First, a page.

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We used activity traps as designed by Riley and Bookhout (1990. Wetlands) to sample aquatic invertebrates as part of a study to characterize wetlands on a forested and an agricultural landscape (ca. 1,000 mi'2) in northern. Maine. Eight wetlands (5 from agricultural and 3 from forested landscapes) were sampled at random from 50 wetlands surveyed for waterfowl broods. At the landscape level, insect abundance (mean no./ trap), fish abundance (mean no./trap), percent vegetation, and water chemistry variables (pH, ANC, SPCOND, Ca, Mg, K, Na, Cl) were different between landscapes. Furthermore, nearly as many fish (2,112) were caught as were insects (2,443); 47% of the 332 traps contained fish, but 84 traps accounted for 94% of the fish caught. When >4 fish were in a trap fewer insects were in the trap. Differences in water temperature among wetlands and differences in rates of escape among insect orders affected the number of different taxa caught. Until capture success of activity traps is better understood, results from activity traps should be used with care.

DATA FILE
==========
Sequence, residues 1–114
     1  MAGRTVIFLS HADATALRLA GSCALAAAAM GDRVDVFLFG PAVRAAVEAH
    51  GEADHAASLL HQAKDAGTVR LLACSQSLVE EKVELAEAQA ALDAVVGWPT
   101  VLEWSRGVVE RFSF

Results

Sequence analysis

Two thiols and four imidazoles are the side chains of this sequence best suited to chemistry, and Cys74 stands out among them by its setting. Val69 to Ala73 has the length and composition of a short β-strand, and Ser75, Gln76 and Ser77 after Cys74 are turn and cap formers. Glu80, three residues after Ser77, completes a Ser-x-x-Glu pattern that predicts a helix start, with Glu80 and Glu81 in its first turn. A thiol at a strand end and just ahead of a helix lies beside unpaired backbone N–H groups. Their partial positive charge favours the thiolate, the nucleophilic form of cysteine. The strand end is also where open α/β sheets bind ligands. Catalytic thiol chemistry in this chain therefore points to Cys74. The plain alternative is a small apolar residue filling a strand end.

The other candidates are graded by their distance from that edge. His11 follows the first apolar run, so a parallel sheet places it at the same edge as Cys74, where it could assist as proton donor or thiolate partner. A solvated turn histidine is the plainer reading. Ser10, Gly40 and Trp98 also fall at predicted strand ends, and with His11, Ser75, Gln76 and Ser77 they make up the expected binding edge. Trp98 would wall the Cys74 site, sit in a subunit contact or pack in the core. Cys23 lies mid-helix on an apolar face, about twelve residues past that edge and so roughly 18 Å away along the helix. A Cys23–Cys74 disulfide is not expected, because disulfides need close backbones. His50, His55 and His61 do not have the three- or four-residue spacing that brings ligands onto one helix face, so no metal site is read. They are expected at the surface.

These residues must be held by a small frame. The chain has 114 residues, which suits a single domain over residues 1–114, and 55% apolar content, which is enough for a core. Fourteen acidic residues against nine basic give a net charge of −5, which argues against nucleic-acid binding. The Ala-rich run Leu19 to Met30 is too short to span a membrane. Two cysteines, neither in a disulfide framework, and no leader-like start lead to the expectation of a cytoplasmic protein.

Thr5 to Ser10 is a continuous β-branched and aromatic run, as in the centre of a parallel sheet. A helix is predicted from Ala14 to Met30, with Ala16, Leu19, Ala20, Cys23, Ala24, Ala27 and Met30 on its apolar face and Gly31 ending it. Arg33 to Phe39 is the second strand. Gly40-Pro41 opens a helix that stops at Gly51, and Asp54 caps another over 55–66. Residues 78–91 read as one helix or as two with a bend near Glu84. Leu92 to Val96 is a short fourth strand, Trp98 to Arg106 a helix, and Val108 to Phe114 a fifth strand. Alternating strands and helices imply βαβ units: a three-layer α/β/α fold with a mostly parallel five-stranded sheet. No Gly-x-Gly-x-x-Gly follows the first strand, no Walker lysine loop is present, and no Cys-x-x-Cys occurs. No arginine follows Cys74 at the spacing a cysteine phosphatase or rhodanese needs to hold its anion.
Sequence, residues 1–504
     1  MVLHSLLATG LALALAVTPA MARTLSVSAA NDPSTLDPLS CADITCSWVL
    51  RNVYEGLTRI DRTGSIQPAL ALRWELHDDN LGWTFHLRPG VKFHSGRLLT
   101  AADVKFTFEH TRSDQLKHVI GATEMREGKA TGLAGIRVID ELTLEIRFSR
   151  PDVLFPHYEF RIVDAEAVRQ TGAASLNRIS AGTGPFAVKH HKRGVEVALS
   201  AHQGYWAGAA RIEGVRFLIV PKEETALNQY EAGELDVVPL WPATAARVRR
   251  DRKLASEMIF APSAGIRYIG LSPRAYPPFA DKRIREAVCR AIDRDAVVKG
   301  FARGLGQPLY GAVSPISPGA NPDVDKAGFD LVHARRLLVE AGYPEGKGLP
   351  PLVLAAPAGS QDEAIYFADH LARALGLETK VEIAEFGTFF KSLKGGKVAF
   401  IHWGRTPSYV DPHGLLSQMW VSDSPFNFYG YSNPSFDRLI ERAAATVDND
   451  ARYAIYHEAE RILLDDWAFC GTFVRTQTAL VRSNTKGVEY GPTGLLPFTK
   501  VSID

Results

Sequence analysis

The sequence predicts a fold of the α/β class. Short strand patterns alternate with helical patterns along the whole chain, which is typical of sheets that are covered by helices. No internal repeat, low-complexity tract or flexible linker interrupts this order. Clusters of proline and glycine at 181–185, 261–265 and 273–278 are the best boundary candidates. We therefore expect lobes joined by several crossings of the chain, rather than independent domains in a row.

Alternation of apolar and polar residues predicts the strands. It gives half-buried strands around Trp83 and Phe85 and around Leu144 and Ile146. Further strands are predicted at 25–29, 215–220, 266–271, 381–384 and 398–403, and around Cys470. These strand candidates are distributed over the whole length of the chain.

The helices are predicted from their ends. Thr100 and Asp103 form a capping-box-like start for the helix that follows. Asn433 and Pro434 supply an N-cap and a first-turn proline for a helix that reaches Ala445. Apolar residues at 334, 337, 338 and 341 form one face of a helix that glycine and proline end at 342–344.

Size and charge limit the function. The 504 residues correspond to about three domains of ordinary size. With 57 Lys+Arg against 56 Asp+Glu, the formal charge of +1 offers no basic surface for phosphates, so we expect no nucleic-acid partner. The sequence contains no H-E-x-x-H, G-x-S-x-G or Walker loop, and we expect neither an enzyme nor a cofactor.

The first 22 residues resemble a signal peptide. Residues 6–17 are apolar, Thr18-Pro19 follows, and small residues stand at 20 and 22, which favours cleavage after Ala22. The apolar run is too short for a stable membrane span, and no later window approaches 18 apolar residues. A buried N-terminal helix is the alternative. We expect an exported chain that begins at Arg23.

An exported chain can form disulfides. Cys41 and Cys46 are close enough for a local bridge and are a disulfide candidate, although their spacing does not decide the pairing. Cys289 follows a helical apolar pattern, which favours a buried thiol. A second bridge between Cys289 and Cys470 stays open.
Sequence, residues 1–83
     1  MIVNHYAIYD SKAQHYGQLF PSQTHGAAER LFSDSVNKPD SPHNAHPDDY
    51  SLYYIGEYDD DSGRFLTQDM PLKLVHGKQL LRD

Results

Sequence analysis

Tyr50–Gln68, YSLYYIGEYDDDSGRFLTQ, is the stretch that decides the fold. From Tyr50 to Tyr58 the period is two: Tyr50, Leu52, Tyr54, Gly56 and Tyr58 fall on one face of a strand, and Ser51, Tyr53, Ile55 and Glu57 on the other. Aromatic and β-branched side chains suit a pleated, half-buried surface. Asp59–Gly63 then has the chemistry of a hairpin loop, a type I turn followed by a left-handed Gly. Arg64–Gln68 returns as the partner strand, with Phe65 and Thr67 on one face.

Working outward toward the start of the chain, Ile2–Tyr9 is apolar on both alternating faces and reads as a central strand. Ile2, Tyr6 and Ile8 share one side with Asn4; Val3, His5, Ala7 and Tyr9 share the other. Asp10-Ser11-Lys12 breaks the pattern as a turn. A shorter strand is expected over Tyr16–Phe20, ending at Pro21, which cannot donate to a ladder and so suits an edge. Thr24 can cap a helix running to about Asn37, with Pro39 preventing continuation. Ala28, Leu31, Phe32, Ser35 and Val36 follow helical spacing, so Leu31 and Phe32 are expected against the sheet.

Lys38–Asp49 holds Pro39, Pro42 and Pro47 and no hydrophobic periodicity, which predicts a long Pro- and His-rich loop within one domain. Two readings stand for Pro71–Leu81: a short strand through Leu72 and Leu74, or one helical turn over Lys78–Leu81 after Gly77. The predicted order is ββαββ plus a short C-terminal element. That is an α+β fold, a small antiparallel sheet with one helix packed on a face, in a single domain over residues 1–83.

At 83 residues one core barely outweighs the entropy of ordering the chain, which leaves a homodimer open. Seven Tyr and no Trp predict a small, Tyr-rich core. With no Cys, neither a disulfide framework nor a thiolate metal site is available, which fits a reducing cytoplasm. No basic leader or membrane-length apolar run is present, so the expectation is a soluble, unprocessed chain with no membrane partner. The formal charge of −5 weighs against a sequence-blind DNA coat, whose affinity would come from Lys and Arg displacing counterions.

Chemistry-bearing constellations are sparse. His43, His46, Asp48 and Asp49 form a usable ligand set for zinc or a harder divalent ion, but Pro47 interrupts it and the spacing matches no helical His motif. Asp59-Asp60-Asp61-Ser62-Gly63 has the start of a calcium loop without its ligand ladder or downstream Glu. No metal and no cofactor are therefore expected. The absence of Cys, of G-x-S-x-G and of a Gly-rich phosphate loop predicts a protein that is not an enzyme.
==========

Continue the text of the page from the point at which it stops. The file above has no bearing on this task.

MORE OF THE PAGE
Additional Publication Details
Can activity traps assess aquatic insect abundance at the landscape level?
Bulletin of the North American Benthological Society